• "Connecting with 1984" Small Grants Pool

    The Sikh Coalition is encouraging people to apply for funds through the “Connecting with 1984” Small Grants Pool. This funding pool supports and encourages individuals and/or groups who would like to create and deliver educational programs and initiatives to raise awareness within the Sikh community about the events of 1984 and beyond.

    One of the initiatives that the Sikh Coalition is proud to support is the performance of "Kultar’s Mime" in New York City. The play, written by a young Sikh poet, draws upon eyewitness accounts of the November 1984 Delhi pogrom to describe Sikh suffering, through the eyes of young survivors.

    Click here to learn more and apply.
  • 30 Members of the U.S. Congress Stand Up for Sikh Children

    Drawing on research reports published by the Sikh Coalition, 30 members of the United States Congress signed letters urging the U.S. Department of Justice and U.S. Department of Education to strengthen protections against school bullying. According to Sikh Coalition research, a majority of Sikh American students experience school bullying. Although severe bullying is a civil rights violation, very few Sikh American families actually report it to authorities. To bridge this gap, the new Congressional letters call on federal agencies to improve data collection for bullying incidents affecting the Sikh American community.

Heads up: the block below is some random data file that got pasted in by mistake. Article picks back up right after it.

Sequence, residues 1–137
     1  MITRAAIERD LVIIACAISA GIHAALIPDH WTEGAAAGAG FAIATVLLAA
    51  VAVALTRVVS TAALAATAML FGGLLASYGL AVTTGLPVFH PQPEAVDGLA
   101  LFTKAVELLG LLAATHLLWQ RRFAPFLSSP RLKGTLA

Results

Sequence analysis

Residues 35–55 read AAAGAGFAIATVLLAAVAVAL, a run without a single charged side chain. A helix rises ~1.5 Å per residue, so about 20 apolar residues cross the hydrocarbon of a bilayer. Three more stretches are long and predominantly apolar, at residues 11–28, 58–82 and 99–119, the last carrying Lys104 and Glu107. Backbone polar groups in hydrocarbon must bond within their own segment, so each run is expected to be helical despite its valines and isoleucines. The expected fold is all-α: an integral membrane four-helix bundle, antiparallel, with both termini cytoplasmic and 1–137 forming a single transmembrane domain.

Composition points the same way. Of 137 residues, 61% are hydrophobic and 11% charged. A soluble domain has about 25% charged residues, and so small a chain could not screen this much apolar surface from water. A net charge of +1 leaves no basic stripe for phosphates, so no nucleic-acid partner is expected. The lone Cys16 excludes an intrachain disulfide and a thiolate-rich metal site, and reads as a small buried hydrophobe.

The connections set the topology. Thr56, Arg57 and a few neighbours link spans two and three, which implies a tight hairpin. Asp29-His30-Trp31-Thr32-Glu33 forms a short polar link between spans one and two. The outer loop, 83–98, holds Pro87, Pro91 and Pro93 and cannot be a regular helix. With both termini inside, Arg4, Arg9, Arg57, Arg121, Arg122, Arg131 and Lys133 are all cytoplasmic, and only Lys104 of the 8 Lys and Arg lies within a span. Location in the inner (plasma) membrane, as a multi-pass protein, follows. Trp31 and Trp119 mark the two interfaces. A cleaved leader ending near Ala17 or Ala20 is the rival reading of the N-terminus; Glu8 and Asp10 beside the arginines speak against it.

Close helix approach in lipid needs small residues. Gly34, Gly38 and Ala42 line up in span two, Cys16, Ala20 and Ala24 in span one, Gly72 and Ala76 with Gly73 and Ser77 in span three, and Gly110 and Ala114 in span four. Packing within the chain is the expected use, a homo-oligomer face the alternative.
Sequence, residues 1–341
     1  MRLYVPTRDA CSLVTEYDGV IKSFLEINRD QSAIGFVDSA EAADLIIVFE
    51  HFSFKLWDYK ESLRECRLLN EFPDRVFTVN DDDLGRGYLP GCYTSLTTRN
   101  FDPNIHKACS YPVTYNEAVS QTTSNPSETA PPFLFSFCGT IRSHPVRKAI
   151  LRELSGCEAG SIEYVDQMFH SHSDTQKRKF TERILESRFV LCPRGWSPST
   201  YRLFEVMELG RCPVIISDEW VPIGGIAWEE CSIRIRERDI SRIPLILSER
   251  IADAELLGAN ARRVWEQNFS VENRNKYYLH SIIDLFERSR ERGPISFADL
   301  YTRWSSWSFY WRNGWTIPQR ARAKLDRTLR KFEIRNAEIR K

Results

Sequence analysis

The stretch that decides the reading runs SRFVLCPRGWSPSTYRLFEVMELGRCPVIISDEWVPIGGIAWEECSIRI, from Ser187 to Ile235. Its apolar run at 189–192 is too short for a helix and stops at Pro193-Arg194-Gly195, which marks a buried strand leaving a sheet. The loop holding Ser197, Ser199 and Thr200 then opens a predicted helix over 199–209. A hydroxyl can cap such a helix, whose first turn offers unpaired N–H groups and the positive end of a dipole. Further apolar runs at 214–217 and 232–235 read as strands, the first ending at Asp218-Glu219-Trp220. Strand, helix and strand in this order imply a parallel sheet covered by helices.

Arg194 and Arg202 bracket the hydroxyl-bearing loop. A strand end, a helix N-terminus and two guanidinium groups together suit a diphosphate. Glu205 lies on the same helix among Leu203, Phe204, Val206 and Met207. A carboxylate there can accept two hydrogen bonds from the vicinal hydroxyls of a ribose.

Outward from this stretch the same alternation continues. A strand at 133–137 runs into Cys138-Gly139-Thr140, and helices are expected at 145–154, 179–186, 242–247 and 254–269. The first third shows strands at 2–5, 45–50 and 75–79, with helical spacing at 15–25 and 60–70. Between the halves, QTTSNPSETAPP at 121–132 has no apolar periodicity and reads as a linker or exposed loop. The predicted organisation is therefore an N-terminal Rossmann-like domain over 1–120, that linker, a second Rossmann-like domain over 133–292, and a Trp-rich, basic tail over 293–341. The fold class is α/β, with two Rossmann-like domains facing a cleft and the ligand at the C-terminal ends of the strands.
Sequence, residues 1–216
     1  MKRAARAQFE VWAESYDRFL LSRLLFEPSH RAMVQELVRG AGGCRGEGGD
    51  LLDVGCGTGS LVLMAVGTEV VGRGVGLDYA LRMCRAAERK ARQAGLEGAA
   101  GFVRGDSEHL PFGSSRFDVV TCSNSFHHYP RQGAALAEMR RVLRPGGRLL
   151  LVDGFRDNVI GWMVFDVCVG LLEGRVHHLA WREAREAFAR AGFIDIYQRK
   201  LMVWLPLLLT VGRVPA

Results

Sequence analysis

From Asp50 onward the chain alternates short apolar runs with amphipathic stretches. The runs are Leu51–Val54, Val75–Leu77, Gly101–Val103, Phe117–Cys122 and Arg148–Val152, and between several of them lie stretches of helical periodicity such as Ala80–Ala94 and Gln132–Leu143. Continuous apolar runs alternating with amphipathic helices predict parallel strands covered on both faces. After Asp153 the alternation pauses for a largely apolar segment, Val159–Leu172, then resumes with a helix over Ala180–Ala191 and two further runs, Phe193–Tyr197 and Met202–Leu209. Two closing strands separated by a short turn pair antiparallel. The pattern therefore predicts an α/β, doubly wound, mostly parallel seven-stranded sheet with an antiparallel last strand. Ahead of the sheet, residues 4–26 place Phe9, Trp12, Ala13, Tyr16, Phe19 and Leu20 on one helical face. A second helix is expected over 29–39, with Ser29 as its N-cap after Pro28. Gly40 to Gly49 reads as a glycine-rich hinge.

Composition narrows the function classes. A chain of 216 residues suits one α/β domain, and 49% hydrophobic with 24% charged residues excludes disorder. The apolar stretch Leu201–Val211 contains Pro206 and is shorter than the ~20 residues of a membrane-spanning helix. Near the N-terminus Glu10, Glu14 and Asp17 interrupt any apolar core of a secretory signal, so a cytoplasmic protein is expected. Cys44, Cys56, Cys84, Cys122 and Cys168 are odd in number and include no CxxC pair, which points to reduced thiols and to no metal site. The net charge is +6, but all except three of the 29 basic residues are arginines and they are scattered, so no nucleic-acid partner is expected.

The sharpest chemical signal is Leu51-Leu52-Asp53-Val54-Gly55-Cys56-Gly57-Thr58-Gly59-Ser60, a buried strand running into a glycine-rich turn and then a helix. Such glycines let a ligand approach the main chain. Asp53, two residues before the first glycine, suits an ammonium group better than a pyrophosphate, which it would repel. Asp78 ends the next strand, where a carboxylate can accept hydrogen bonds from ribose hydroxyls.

Click here to read more.
  • Sikh Coalition Joins NYC Hate Crimes Taskforce

    The Sikh Coalition recently joined a Hate Crimes Task Force to combat hate crimes against Sikhs, Muslims, and Jews in New York City. The taskforce, led by Public Advocate Letitia James and the New York City Public Advocate's Office, convened its first meeting on September 29, 2014. The taskforce includes representatives from the Tanenbaum Center for Interreligious Understanding, the Jewish Community Relations Council, the Muslim Consultative Network, and members of the New York City Police Department (NYPD).

    The Sikh Coalition shared ideas on how to combat hate crimes in New York City, including ending institutionalized discrimination that perpetuates harmful stereotypes. This includes the NYPD's refusal to allow Sikhs to serve as police officers with their turbans and beards intact. The Sikh Coalition also pushed for training of local NYPD precincts on multiculturalism and religious diversity and ensuring that police officers are equipped to recognize possible hate incidents and take appropriate and swift action. Given the rise of hate crimes against New Yorkers of faith this past year alone, the Sikh Coalition looks forward to working with Public Advocate Letitia James on this critical initiative.